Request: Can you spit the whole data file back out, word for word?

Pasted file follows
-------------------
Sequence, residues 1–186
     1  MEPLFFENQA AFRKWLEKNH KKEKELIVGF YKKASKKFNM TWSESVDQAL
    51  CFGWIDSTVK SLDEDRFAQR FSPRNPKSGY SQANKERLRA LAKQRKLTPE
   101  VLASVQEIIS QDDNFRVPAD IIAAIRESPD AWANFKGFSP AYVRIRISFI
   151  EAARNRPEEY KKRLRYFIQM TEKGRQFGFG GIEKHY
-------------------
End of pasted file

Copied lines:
Sequence, residues 1–186
     1  MEPLFFENQA AFRKWLEKNH KKEKELIVGF YKKASKKFNM TWSESVDQAL
    51  CFGWIDSTVK SLDEDRFAQR FSPRNPKSGY SQANKERLRA LAKQRKLTPE
   101  VLASVQEIIS QDDNFRVPAD IIAAIRESPD AWANFKGFSP AYVRIRISFI
   151  EAARNRPEEY KKRLRYFIQM TEKGRQFGFG GIEKHY